• Perhaps data scientists are just consumers of our technol- ogy — how much do they really need to know about how things work? Empirically, it appears to be more than we think. There is a black art to making our systems sing and dance at scale, even though we like to pretend everything happens automatically. How can we stop pretending and start teaching the black art in a principled way?
• How can we address emerging issues in reproducibility, provenance, curation in a principled yet practical way as a core part of data engineering and data systems? Consider that the ML community has a vibrant workshop on fairness, accountability, and transparency. These topics are at least as relevant from a database perspective as they are from an ML perspective, maybe more so. Can we incorporate these issues into what we teach?
• How much math do we need to teach in our database- oriented data science courses? How can we expose the underlying rigor while remaining practical for people seeking professional degrees?

Bill Howe from UW was a moderator and the first panelist to give his talk.

The second one was Jeff Ullman, and thereby I have nothing more to say:)

Actually, i really liked the fact that he mentioned, that the math courses, linear algebra and calculus should be included into the Database curriculum.  I was always saying that nobody without Calc  BC should be allowed anywhere near any database.

The next panelist was Laura Haas, and again – what else I need to say, except of I’ve enjoyed each and every moment of her presentation?

One thing from her presentation which I find really important is that the Data science is not a part of the Computer Science, and not a part of Database management.  As Laura put it, “we provide the tools”, but not like “we” should teach the DS as a part of CS.

Next panelist was Mike Franklin from UC, and I hope this picture is clear enough for you to see a funny example of DS he is showing.

And the last one was very controversial Tim Kraska from Brown, who started with “he is going to disagree with all the rest of panelists” – and he did.

To be honest, it’s very difficult to write about this panel, because each of you can google all these great people, but you would need to see a video recording of this panel to really fell how interesting, and how much fun it was.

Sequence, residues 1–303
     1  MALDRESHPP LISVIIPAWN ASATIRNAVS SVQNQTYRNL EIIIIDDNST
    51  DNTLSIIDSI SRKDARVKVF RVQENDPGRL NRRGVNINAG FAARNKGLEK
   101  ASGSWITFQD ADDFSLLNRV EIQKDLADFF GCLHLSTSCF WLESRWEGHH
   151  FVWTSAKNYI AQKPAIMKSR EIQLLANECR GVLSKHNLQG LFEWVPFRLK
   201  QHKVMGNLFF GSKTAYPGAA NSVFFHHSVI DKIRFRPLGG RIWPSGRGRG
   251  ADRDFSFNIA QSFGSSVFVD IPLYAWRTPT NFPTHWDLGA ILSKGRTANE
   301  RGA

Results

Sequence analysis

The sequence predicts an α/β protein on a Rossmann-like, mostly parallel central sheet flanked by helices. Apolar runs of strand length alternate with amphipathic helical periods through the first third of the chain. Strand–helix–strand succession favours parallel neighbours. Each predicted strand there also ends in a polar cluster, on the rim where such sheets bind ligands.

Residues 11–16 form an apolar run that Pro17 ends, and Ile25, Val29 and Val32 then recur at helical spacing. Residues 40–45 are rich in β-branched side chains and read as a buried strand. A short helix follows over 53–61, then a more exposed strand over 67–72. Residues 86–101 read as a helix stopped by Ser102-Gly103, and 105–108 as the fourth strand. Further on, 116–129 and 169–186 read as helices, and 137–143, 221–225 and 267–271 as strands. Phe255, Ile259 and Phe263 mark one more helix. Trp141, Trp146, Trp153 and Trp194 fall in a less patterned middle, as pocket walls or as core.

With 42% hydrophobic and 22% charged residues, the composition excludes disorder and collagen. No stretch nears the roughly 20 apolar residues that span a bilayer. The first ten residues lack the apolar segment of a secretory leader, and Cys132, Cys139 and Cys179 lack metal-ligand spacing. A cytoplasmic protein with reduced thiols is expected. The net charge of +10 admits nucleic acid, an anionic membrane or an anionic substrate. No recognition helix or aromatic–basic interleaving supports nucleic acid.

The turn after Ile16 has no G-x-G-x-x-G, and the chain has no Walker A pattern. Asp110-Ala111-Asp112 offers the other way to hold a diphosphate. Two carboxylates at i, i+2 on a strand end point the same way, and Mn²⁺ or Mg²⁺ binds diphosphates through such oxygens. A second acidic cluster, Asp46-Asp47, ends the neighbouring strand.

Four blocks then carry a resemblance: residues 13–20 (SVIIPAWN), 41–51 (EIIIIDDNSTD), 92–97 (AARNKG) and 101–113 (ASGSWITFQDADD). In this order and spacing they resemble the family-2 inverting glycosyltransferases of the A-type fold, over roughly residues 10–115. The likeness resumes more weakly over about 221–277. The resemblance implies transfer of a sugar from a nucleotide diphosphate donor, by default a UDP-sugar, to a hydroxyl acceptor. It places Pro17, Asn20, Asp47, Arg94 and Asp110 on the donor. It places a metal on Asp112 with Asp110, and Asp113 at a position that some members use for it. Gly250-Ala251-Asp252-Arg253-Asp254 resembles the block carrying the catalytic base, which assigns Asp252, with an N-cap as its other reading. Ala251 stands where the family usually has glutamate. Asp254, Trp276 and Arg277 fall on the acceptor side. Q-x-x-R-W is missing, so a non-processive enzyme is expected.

After the panel I talked to several conference participants, who like me are from industry and asked them what are they looking for when hiring recent grads. And literally everybody said the same thing that I was thinking about: they said they hire smart people with solid basic education, people who can solve problems, “and we will teach them all the rest”. Which I couldn’t agree more!

Paradoxically, the students think it’s cool to have something about “Data science” in their curriculum, they often think it will make them more marketable, but real future employers do not care that much!

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ICDE 2017 – Laura Haas’ keynote talk

I’ve missed the first keynote of the conference, but there was no way I could miss the second one – Laura Haas’ “Leveraging data and people to accelerate data science”.

Here is a reference for the Accelerated Discovery Lab in IBM, where you can find lots of information about different projects. The keynote talk highlighted the project related to food contamination.

Below are several pictures from the presentation.

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Chicago PUG updates

I am not sure how any of those who attended last week’d Meetup are actually reading this blog, but if you are one of those people who came to the Braviant office last week – thank you! And I hope you’ve enjoyed it! I certainly did, I think this event was a great success. Both speakers where just outstanding, and the audience was really engaged.

Here are some pictures:

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Chicago Postgres User Group reminder

Attention Chicago, tomorrow is a day! As announced previously, January 2017 Chicago PUG will take place in the new location – Braviant Holdings office at 180 North Wacker Drive.

As a new co-organizer, I am really excited to host Chicago PUG for the first time. As you can imagine, it’s not only a location which is going to change. We are planning to focus on the actual Postgres users, not just the DBAs and Postgres developers, we want to hear from application developers, data analysts and report writers – anybody how uses Postgres to meet their business needs.

We are going to have presentations for different user levels, from beginners to advance, and we are welcoming any suggestions of topics, or just impromptu questions – there will be always enough professional in the room to get you an answer.

Please RSVP here and join the fun!

Postgres IS a service. We are here to help.